Suddenly, the Vikings' much-maligned group of wideouts is getting the job done.
By BRIAN HALLFS North
EDEN PRAIRIE, Minn. —Vikings quarterback
Christian Ponder came through with the best game of his two-year career Sunday with his team needing a win to advance to the playoffs.
Ponder's play has progressed since walking off Lambeau Field on Dec. 2, when he threw two costly interceptions, and has given Minnesota's offense the balance needed to make a run to the postseason. In the season's waning weeks, the embattled Ponder and the Vikings' much-maligned receiving corps helped rescue each other in time to keep Minnesota's season afloat.
With leading receiver Percy Harvin missing the season's final seven games, Ponder and the Vikings were left with a group of receivers who didn't scare opposing defenses. The names – Michael Jenkins, Jerome Simpson, Jarius Wright and others – were left to fill the void left by the playmaking Harvin. Predictably, the passing game struggled without its top target.
Then, with the season on the line, Ponder and Jenkins, Simpson and Wright found the connection they had been searching for.
"It sure seems that way," offensive coordinator Bill Musgrave said. "We've been working after practice, before practice. When the defense has their periods we try curbside our guys and steal a few extra reps to get the work in so we can be more in sync."
The receivers have been more in line with Ponder in the past few weeks, especially at crucial times. As much as Minnesota's offense has relied on Adrian Peterson's standout season, Ponder and the passing game's success, particularly on third downs, had as much to do with the late-season push. Minnesota earned the final wild-card spot by beating the Green Bay Packers, 37-34, last week, drawing a first-round playoff rematch Saturday night in Green Bay.
Ponder was 16 of 28 for 234 yards passing and three touchdowns Sunday and finished with a 120.2 quarterback rating, the highest single-game mark he's posted in his 27 career games. Wright (five catches for 90 yards) came up with a big 65-yard catch and had a touchdown. Jenkins (three catches for 37 yards) hooked up with a scrambling Ponder for an improvisational touchdown and added a big third-down reception down the sideline that led to the eventual game-winning kick. Simpson had three catches for 39 yards, making two big third-down receptions as Ponder was 8 of 11 on third downs for six conversions.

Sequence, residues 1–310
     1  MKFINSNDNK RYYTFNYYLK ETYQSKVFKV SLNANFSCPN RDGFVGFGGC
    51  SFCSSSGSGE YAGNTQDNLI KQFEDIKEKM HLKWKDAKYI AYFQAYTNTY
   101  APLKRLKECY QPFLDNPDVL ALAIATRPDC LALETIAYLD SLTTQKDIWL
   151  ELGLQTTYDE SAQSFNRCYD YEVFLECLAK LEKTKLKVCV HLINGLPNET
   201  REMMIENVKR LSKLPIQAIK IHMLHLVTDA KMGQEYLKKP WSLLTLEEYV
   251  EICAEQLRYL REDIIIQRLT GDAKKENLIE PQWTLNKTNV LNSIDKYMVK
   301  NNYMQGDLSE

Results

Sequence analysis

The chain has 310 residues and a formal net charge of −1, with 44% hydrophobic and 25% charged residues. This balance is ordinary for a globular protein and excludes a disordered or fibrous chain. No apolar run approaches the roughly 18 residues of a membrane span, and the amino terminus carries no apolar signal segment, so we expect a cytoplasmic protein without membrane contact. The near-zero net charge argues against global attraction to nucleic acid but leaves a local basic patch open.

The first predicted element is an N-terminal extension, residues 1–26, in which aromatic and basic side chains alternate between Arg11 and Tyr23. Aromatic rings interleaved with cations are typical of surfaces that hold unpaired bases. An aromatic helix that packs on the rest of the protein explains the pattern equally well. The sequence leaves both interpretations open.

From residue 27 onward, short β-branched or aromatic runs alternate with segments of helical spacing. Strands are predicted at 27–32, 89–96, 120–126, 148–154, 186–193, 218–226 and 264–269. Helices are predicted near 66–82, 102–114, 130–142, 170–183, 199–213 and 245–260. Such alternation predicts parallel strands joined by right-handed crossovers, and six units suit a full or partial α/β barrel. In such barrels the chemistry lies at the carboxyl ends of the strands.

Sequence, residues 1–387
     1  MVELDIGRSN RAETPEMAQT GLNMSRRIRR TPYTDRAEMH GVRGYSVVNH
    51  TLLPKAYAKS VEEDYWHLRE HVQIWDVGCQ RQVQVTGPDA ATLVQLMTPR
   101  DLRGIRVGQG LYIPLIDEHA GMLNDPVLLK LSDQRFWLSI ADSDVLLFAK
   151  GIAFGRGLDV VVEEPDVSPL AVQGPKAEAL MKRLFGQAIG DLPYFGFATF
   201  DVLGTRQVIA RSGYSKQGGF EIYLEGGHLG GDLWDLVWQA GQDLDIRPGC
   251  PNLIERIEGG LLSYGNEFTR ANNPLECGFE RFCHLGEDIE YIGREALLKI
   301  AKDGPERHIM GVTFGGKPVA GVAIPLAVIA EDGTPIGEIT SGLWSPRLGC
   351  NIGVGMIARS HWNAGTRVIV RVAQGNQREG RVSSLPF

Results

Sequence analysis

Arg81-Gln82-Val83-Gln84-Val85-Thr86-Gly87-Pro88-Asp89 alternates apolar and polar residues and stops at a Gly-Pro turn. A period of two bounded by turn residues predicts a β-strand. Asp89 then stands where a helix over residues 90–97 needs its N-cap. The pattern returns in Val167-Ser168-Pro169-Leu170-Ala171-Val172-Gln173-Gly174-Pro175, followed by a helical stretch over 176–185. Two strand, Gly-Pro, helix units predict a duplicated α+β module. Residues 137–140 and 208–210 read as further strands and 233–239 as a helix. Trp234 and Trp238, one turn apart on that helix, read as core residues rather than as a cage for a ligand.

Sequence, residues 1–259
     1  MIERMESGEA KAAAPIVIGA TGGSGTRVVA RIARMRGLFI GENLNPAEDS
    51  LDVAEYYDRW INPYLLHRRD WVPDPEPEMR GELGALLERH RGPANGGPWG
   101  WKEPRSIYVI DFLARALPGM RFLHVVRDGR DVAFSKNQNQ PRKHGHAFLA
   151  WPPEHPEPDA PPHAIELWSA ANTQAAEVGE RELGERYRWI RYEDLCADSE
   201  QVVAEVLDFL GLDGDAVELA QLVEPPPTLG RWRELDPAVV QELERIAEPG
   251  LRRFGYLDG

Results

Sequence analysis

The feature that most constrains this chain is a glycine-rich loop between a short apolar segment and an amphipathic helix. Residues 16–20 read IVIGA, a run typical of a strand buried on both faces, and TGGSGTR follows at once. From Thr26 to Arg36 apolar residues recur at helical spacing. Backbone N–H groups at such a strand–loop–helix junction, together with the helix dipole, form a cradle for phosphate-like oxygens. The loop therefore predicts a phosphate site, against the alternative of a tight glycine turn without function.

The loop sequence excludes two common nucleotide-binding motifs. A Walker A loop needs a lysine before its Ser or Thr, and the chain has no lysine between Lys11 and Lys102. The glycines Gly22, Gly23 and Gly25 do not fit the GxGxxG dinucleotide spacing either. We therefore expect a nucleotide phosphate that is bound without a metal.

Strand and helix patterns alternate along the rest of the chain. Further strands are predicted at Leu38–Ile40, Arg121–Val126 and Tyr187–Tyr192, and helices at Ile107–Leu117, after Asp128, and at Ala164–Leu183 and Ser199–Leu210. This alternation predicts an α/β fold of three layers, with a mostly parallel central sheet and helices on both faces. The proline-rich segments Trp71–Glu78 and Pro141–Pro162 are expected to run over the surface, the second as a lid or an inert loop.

"As the season goes on you kind of find that chemistry, and we had our lumps, but I think these past couple weeks we got better," Ponder said. "I think Jerome's got his confidence up. We knew eventually that he was going to break out. Especially on third downs, he's come alive. He's had some great catches, running great routes, and Jenkins is coming up in big ways and a bunch of other guys. Jarius, everyone has seen him step up. Guys are stepping up at the right time. We need to continue to do that."
Wright, more than anyone, has been responsible for filling the Harvin void. The rookie receiver, who was drafted in the fourth round but didn't see any game action until Harvin was injured, has increasingly earned more playing time and more of Harvin's roles.
On his touchdown catch Sunday, Wright was lined up as a fullback and snuck out of the backfield to the left, where he was wide open for the score. Ponder said there wasn't an adjustment period after losing Harvin, but Wright's growth and the timing with receivers has improved in recent weeks.
"I think it was a combination of not having Percy out there, which we really focused on in the passing game and also Jerome Simpson coming back from his injury that took place," Musgrave said. "(Ponder's) continued to work through that and has gotten better each and every week. We know about Mike Jenkins. He's reliable. We know where he's going to be or be at the right depth. And, of course, the emergence of Jarius; we hit on a big one initially perhaps versus Detroit, but the little quick timing passes have taken a while for us to get on the same page."
Wright said it was a matter of the timing and connections hitting in game conditions.
"It looks more in sync to y'all because y'all not in here practicing," Wright said. "Y'all only get to see so much. But we feel like we've always been in sync. We just had to finally get it together, finally put everything together."